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Worrying about glass condition


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48 minutes ago, pgk said:

And also FWIW I intend to try to rephotograph this image by Thomas Anna from ~1864, using a similar, contemporary lens: https://www.arranartsheritagetrail.com/placemarkers/10.-lochranza?pgid=kgs2qsmb-d8fafe_b1dde83ad3a2463795167c956a620022mv2 but it will not be easy as vegetation obscures it meaning that I will need my tallest tripod and a stepladder. It is known that Annan used a Grubb Lens.

Paul, at least where you are, you have a sporting chance, but reproducing Mr Grubb’s photos of Dublin in the 1850s and 1860s would be almost impossible. However, today I was preparing slides for a talk to a group who meet in the Royal St George Yacht Club in Dun Laoghaire Harbour and I was wondering about including a slide of Queen Victoria arriving in Dun Laoghaire in 1900, when I realised that the photograph included the same yacht club, which was recognisable even 122 years ago. So it goes in the presentation.

I am planning to try a few more then and now photos. The closest I have come was to photograph No 50 Grafton Street Dublin in 2019 with a Leica II camera which was engraved with that address and which according to the Leica Archives was sold out of the same building in April 1932. 
 
Do cameras do more than just create memories or can they carry memories? I’m not just talking about digital, of course.

William 

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10 minutes ago, jankap said:

I am the person mentioned in the first line of this article. I took that photo of the coelostat machine and the two lenses are part of my collection. I have also done the strange thing of photographing the graves of Thomas and Howard Grubb with the lenses, which they had made, sitting on their graves.

When we were in Wetzlar in 2018 I photographed fellow Leica Forum member George Furst with his Ur Leica replica beside the grave of Oskar Barnack.

It is always nice to remember creative people with their creations.

William 

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12 hours ago, willeica said:

Do cameras do more than just create memories or can they carry memories? I’m not just talking about digital, of course.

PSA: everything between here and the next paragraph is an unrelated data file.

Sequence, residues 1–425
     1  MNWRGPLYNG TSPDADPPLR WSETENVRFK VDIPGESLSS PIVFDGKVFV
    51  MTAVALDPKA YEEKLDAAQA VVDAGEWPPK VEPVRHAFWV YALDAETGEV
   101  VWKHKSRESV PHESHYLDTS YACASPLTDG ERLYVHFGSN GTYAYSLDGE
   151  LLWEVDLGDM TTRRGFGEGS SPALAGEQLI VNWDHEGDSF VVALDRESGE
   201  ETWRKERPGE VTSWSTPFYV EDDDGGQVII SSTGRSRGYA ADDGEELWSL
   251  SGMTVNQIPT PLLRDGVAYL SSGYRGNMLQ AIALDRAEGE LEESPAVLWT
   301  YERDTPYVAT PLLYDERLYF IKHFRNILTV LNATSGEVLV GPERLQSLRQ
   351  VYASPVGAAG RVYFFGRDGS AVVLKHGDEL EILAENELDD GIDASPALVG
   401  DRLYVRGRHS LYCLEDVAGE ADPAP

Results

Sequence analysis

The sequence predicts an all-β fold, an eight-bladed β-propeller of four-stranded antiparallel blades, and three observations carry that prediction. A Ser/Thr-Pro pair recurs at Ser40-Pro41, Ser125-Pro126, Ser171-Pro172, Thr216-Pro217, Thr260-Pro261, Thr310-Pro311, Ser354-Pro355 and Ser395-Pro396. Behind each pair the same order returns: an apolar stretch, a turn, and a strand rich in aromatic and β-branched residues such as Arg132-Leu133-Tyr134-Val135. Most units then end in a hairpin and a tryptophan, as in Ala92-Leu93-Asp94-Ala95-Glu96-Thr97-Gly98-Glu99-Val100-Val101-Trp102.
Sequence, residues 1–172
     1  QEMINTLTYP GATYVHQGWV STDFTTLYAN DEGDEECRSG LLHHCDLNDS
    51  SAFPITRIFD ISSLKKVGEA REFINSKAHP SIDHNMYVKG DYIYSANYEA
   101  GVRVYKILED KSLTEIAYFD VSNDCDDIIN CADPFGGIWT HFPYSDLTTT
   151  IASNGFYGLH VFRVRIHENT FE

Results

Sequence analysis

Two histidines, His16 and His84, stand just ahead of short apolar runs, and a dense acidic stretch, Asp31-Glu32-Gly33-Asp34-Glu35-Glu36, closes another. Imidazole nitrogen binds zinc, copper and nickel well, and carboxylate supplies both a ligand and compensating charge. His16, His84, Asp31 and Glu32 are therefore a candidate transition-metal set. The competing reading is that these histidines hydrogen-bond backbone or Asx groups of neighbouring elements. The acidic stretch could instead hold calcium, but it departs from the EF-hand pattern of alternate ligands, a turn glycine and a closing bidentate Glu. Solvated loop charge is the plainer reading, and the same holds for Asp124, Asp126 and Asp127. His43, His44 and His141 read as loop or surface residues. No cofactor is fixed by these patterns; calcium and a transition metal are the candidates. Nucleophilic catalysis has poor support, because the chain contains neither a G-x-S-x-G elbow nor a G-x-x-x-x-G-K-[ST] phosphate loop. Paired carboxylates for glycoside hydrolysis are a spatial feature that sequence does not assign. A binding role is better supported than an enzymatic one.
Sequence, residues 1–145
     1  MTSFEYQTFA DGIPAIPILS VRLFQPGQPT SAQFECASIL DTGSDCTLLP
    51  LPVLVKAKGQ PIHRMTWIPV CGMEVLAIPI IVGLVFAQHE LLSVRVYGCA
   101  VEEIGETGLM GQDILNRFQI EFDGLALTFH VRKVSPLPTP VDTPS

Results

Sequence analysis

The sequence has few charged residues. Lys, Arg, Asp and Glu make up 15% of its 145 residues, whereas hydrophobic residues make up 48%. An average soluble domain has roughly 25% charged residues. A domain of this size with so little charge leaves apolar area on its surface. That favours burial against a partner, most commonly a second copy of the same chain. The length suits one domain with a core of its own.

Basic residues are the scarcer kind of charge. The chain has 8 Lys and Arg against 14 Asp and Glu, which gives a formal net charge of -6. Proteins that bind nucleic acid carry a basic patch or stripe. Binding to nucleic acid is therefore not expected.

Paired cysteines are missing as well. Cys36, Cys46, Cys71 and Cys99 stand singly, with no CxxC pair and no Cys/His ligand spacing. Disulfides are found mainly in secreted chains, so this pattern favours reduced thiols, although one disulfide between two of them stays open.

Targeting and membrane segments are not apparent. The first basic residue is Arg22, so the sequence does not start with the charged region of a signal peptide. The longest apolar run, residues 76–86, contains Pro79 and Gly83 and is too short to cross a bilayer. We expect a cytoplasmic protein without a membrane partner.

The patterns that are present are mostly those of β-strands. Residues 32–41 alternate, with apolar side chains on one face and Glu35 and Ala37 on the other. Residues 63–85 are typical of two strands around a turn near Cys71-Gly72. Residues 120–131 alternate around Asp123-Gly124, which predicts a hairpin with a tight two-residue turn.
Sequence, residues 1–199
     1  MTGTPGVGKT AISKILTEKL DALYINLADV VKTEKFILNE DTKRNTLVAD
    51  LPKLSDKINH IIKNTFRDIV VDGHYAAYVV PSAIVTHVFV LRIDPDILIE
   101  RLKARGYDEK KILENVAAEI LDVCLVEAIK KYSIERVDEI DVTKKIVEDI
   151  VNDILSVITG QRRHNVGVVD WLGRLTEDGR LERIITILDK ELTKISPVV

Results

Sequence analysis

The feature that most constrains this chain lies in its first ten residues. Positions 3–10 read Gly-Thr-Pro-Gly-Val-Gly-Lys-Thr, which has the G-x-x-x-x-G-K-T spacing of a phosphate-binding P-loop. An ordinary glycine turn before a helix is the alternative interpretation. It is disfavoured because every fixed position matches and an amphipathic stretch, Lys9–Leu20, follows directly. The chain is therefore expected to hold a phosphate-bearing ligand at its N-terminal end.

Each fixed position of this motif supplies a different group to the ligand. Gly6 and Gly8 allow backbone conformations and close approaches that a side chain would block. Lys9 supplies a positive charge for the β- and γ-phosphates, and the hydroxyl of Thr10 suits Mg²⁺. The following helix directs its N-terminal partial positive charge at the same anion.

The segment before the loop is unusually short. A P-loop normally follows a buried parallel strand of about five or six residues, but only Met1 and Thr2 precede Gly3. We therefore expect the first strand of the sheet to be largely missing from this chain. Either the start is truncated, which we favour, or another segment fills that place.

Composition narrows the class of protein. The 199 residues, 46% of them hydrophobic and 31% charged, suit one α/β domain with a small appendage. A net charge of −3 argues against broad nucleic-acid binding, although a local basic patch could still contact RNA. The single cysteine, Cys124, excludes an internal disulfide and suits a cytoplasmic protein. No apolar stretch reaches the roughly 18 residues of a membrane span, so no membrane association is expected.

William 

An interesting question. I put the shot of Lamlash on FB for people interested in Images of Arran to see and it created a lot of interest and jogged memories too. On balance I would say that a good photograph is like a good book in that it can convey more than the obvious content and this can lead to memories in itself. The definition of good will vary from person to person so its not easy or even useful to define, but yes, I think photographs certainly can create memories. And these memories can be evoked by the same or similar memories - certainly on social media (which I rarey use to be honest and then only to post photos for specifc reasons).

Back to the thread's content though and I'm sure that you will agree with me when I say that lenses with flaws and even damage can be surprisingly effective. Digital editing can help in many ways too.

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19 minutes ago, pgk said:

...I put the shot of Lamlash on FB for people interested in Images of Arran to see and it created a lot of interest and jogged memories too...

Apologies for carrying-on the diversion just a little while longer but the reason I was going to ask about Lamlash (the other possibility was Brodick) in post #17 was because on quite a few occasions back when I was a youngster I went on day-trips with family and other relations 'Doon the Watter'(*) and I remember vividly scanning the various towns and villages we passed during the trip. The church spire on the Isle of Arran in your photograph triggered some deep-rooted distant memory from those trips (some of which were aboard the P.S. Waverley). Once set in motion, as you might imagine, these memories continued to come back piecemeal throughout the day and, having just typed this post, today as well.

Photographs can be powerful articles and in many guises.

Philip.

* For those few amongst us who might not be familiar with the phrase I quote this passage from The Scotsman newspaper;

"Going 'Doon the Watter' referred to the practice of going down the Clyde and also, by extension, to holidays by the coast...As the vogue for these coastal holidays began to spread and the new era of steamboat travel allowed access to the coast for people in greater numbers, existing communities like Helensburgh, Gourock, Largs, Millport, Dunoon and Rothesay (the latter two were perhaps the most popular of all) were expanded and developed as seaside resorts."

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5 hours ago, pgk said:

On balance I would say that a good photograph is like a good book in that it can convey more than the obvious content and this can lead to memories in itself.

Exactly.

The more one thinks of photography as literature (Every picture tells a Story) as well as a graphic art - the better one's photographs will become.

 

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13 hours ago, pgk said: